Our future as history

The finder cannot unsee once it has been seen
– Nabokov

Reading Bruce Sterling and Jon Lebkowsky’s current State of the World 2012 conversation on the Well I was reminded of the abject failure of all our futurologist predictions to ring true. Sterling muses that people have abandoned their belief in the future as a coherent goal, he writes ‘It’s surprising how little vitality these [ideas] have nowadays. Instead of fanatically dedicating themselves to narrow, all-explanatory cults, people just sort of eyeblink at ’em and move on to the next similar topic. In a true Network Society, all fringe beliefs about the future seem to be more or less equivalent, like Visa, American Express and Mastercard. “Conservatism” conserves nothing; there is no “progression” in which to progress.’

Although the final shuttle flight landed safely, it makes for a rather futile symbol of futurity, even to one raised on yellow jacketed sci-fi novels from the local library as a child. I read a fascinating article a while ago where a scientist had modelled the evolution of a civilisation’s technical base and had concluded that we had a projected limited window of opportunity to develop serious interplanetary travel before the dense integrated global economy that was necessary to maintain the sophisticated science fell over due to a lack of oil based systems. Essentially he argued we have only a slim chance of resolving these fundamentals before humanity wanes.

spiral

Spiral Mig 105 Soviet space test plane from Wikicommons.

Desolate and cracked space-yards laced with skeletal launch pads in the former Soviet Union are now combined with a streamlined and castrated NASA, testament to the failures of non-military space travel. Rusting Soyuz modules lie like beached whales in corn fields, the Soviet shuttle alternative Buran never even went beyond unmanned launches before the cosmonaut industry bankrupted itself. NASA has become the barking dog for the military industrial complexes plan to mount titanium rod launch vehicles in orbit, ready to fire 10000 mph spears at anyone who would dare to look heaven in the face again and commercial space travel currently wilfully interprets the location of outer space. Conventional sci-fi thus has become a quiet parody of a failed endeavour. Spanish architect Sola-Morales’ assertion that objectivity has ‘shattered into a thousand divergent rays’ is prescient here too, those ‘ghosts of the new century’ as William Gibson writes, haunt our waking lives and define the new cyberpunk vista, the visual collage of ‘retro-fitted future-noire’ Bladerunner themes then offers a bewildering array of more suitable urban metaphors for this gossamer liminal city bewildered by the burnt spectre of the Icarus legend.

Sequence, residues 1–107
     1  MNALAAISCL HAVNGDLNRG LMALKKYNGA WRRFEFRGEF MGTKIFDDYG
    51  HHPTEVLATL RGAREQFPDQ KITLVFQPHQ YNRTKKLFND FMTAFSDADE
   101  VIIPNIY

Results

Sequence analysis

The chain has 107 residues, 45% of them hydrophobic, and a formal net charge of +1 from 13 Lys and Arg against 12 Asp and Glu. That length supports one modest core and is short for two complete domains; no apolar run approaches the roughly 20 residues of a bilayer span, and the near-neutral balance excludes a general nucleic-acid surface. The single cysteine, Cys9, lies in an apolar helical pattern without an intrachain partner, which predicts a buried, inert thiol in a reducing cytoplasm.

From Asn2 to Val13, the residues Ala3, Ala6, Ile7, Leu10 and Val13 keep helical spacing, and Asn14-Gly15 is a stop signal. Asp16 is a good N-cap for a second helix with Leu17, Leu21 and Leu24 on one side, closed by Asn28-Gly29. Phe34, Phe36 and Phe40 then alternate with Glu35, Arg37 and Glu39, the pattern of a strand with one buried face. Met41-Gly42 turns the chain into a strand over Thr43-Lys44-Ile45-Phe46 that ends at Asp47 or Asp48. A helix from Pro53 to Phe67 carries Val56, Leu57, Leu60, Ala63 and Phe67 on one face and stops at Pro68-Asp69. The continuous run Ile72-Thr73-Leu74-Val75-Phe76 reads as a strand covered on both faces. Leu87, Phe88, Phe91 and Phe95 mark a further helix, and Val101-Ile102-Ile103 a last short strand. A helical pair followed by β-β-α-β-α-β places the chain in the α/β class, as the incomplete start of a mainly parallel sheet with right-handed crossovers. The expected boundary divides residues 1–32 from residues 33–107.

William Gibson and Bruce Sterling’s excellent 1983 short story Red Star Winter Orbit details a mutiny aboard a patchwork Soviet orbital Salyut platform some time in the near future, a drunken Colonel Korolev reminisces about being the first man on Mars whilst earth-based political officers decide to shut down the operation. Korolev recalls that the ‘Martian sunlight glinting within his helmet visor, had shown him the reflection of two steady alien eyes, fearless, yet driven and the quiet secret shock of it, he now realised had been his life’s most memorable, most transcendental moment’. He had transformed into something else entirely at that moment, for him the nascent future was utterly incomprehensible. The tale is now as quaintly charming as Wells’ Time Machine or 2001’s curious Jupiter voyage.